‘Everesting’ day — Sebago cyclist conquers nearly 17 hour challenge
By Wayne E. Rivet
SEBAGO — What would it be like to ride a bicycle up Mt. Everest?
Jason Yannelli found out last Saturday.
Well, sort of.
The competitive cyclist took the Everest Challenge. Starting at 4:30 a.m., he climbed Robinson Hill and Wynn Mountain Road a total of 46 times over 16 hours, 54 minutes, ultimately reaching a grand total of 29,348 feet of elevation, surpassing Mt. Everest, which stands at 29,028 feet of elevation.
The ride put the former Marine into the Everesting Hall of Fame. Jason’s ride was the first official Everest Challenge completed in the State of Maine, there has only been 1,800 done in the world.
Cycling is a sport Jason just recently hopped back into after a 20-year hiatus.
“I started riding and racing when I was in middle school. My father rode and there was a high school racing team, so I joined in middle school. I stopped riding when I went into the Marines in 1997 and took a 20 year break,” he said. “Last year was my first year back riding and racing. I was hit by a car on June 21, my birthday, that ended last year’s big comeback with broken hand and collar bone. So, the Everest (Challenge) was a one year post-crash reward!”
Jason has found cycling to be a great sport to stay in shape, yet not be so physically harsh on one’s body.
“You can cover so much ground and enjoy the scenery of Maine,” he said.
One dislike is the fact that some motorists fail to share the road.
“I ride as close to the edge of the road as possible, but some think its great to buzz you as close as possible,” he said. “I’m sure if they were walking or standing at there mailbox, they wouldn’t enjoy it either.”
Jason returned to competitive cycling racing last year and had a very successful spring in the Scarborough training series, where he won the overall series for the 4/5 category.
“I race all three — road, criteriums and time trials. I’m starting to like time trials the most because its just you racing the clock without knowing how well the other racers are doing until after the finish, so it is a personal test like no other.”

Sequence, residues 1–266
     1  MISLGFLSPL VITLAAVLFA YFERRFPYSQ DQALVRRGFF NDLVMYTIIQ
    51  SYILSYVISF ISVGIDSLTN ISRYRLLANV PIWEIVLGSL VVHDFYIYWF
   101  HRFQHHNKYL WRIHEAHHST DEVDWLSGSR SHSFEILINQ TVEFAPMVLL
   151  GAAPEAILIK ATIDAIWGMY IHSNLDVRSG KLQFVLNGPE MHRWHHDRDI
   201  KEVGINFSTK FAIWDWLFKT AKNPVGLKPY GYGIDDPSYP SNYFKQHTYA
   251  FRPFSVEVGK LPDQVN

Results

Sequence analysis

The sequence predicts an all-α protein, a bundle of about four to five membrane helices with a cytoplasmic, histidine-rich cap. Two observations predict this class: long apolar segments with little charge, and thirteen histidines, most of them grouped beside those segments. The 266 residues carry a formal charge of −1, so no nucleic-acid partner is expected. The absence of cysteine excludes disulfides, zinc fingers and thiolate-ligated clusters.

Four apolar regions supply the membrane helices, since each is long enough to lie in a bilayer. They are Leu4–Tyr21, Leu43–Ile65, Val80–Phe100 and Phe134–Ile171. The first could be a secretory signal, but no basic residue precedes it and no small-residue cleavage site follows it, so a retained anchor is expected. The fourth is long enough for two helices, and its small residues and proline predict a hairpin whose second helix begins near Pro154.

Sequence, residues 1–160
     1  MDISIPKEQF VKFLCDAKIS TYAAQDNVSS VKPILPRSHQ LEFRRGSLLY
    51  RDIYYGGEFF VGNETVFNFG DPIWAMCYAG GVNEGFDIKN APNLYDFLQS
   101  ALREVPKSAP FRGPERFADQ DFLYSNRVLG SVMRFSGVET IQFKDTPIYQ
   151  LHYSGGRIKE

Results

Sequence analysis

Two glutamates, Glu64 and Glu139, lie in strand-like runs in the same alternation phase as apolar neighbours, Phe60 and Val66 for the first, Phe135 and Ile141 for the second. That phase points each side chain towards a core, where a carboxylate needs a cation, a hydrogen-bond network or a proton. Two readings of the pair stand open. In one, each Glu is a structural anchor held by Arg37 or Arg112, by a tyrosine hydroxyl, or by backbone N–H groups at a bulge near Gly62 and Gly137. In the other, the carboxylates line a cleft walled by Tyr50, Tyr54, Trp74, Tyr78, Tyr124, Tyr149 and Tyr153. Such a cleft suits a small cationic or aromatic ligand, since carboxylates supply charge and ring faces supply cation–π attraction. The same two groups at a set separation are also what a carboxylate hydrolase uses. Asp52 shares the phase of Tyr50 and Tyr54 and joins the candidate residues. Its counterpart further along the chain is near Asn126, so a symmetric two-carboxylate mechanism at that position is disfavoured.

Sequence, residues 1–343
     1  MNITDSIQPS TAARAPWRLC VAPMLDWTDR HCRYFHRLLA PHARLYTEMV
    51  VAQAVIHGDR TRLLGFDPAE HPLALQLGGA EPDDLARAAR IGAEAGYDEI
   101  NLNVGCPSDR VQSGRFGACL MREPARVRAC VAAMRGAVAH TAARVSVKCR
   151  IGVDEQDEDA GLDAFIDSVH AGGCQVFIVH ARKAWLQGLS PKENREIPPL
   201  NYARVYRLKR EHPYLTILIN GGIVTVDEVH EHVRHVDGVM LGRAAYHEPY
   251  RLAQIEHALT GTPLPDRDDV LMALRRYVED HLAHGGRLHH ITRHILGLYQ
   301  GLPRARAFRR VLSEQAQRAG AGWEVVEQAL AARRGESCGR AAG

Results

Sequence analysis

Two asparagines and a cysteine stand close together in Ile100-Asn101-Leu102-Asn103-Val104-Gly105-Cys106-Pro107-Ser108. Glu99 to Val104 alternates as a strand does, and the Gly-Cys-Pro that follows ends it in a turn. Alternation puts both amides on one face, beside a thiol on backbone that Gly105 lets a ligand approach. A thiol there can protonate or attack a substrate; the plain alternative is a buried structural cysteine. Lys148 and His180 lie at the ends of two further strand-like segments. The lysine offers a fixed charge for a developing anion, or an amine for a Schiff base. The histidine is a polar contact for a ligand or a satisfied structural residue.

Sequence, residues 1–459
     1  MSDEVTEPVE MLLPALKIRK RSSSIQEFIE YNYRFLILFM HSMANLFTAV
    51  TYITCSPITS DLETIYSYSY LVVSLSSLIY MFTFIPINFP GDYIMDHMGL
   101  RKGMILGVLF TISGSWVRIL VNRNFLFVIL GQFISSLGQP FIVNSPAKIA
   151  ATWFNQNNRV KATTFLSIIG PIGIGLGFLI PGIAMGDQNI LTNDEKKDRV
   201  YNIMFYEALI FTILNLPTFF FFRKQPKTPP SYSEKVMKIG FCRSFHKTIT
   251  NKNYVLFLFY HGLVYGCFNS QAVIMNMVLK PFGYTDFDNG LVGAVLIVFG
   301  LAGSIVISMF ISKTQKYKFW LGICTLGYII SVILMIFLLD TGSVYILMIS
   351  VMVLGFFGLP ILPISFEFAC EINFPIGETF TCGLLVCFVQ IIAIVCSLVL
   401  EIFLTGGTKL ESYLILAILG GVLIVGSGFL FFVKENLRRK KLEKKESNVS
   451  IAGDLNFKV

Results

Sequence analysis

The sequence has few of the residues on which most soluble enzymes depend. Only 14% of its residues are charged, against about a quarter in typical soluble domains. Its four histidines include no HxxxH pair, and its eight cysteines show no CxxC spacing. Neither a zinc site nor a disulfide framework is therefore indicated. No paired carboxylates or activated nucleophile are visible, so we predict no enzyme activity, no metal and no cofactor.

Jason decided to take the Everest Challenge as a means to train for other upcoming races.
The Everest Challenge is a one-day challenge managed by a website called Hells 500. The object is to ride up and down the same hill over and over until the cyclist covers the same elevation gain as Mt. Everest (29,028 feet).
“You can stop to take a rest, but no sleeping. You can’t make a loop or go up and over. It’s pedal to the top, ride to the bottom and turn around and do it again,” Jason said. “The hill I did had 643 feet of climbing and I did it 46 times for a total of 177.5 miles and 29,348 feet of elevation and a time of 16 hours 54 minutes. I changed the gearing to a one-to-one ratio and have been training all winter and spring with around 3,600 miles for the year so far.”
Jason chose Robinson Hill and Wynn Mountain Road because of the location. “We set up a food and water table right at the bottom of my driveway and the hill so I could pull in and refuel and go,” he said.
Next on the cycling agenda are some small local races and then the big focus race — the 45th Annual Mt. Washington Auto Road Bicycle Hillclimb, slated for Aug. 19-20, with a practice ride on July 16. Last year, there were 538 finishers with Eneas Freyere of Norwalk, Conn. posting the fastest time over the 7.6-mile course in 52 minutes, 10 seconds.
“It will be my first time, so I used the Everest Challenge as training for that,” Jason said.
As a way to train and also welcome others into the cycling circle, Jason leads a group ride on Sundays, starting at 3:30 p.m. at Food City in Bridgton and traveling around Long Lake. All are welcome.
“For new cyclists, I would tell them to find a local group ride, don’t worry about their pace because a good group ride will stick together and the new riders can gather a bunch of knowledge from the more experienced riders,” he said.
Jason grew up in Bridgton and now resides in Sebago with his kids Grace, Everett and Olivia and his girlfriend, Alanna.
One way he has stayed connected to the military after 10 years with the Marines, Jason now rides for United States Military Endurance Sports — a veterans only team that is worldwide, which includes cyclist, runners, triathletes and adventure racers. To be a member, one must be a veteran, active duty or signed up and attending a military academy. The team’s slogan is “Fit for Duty, Fit for Life.” USMES membership is regionally based. Each region (16 total) has a coordinator that identifies focus events in that region and is every member’s first line of leadership for questions, support and mentorship.